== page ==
Jumai is one of several hundreds IDPs in Lagos according to Mrs Victoria Tarfa, Secretary of the Welfare Committee, Church of the Brethren in Magodo, Lagos State. The church which has its headquarters in Borno is the first port of call for a lot of IDPs because it is where they worship back home. “We had a few people in the church and it was brought to our knowledge. In the first week we had fifty people. We had to take care of the basics, food and cash. We had to give foodstuff to the people hosting them to ease the burden. The following week we got about forty unaccompanied minors below the age of fourteen.”

One of the minors is fourteen-year-old Joseph from Chibok who came to Lagos in July, 2014. “I left my parents in Chibok. Boko Haram was destroying things and killing people so my parents sent me stay with my brother. I haven’t spoken to my parents in a long time because of bad network,” he said. Joseph who was in JSS Three before leaving home, no longer goes to school. His brother is a security guard and cannot afford the expenses.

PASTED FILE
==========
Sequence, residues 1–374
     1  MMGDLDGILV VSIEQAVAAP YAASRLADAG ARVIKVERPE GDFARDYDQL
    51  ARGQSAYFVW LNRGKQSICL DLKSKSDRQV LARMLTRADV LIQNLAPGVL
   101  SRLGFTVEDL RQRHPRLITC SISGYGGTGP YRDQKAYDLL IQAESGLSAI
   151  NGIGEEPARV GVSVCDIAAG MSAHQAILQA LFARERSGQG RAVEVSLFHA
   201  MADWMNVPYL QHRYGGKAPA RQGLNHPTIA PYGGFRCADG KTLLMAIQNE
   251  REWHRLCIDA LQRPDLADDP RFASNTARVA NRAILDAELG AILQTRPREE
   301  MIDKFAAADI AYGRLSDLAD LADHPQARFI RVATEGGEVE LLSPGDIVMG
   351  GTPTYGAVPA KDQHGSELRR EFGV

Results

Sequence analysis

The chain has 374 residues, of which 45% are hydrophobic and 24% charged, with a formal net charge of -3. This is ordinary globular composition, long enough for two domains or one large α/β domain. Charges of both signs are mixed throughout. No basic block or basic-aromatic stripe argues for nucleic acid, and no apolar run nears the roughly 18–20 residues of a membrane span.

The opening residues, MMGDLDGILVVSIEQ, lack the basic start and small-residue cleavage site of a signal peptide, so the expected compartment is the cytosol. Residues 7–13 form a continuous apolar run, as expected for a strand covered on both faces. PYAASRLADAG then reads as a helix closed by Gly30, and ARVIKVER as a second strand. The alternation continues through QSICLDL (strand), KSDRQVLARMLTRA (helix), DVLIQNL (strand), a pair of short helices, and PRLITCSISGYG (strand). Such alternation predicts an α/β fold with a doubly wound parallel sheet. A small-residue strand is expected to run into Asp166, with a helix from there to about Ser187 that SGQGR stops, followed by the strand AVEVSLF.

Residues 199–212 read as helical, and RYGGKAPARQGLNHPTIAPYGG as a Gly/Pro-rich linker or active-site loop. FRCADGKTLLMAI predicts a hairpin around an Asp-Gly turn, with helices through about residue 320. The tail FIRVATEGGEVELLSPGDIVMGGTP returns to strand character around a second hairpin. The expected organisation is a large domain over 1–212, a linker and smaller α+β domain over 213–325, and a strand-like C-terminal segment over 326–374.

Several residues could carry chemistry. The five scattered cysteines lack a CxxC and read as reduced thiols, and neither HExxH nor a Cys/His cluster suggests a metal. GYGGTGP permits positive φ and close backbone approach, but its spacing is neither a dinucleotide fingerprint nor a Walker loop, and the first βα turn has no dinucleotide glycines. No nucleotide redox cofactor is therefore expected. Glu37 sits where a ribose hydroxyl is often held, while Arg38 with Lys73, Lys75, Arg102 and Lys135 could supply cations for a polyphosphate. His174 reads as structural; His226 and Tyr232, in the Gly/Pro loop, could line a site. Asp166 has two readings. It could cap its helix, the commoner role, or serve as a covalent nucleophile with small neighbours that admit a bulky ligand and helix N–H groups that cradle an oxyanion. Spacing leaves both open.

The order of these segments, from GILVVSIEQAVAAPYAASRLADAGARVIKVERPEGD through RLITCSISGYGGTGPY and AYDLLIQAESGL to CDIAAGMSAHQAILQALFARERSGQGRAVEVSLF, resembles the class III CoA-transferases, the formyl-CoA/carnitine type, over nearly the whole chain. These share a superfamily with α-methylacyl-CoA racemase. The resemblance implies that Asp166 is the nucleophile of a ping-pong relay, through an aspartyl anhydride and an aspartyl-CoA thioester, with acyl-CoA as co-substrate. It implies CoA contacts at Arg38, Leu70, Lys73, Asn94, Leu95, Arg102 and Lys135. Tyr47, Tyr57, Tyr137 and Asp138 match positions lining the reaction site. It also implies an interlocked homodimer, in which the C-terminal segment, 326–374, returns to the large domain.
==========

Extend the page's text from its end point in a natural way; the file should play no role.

I spoke to Joseph after a Sunday Service at Ekklesiyar Yan’uwa a Nigeria (EYN) as Church of the Brethren is popularly known. I came on the invitation of Sesôr, an NGO that provides support to displaced persons. They visited the church with relief materials for the IDPs, as they had done to camps in Plateau, Gombe and Adamawa.

Food and sundry items donated by Sesor and friends

Food and sundry items donated by Sesor and friends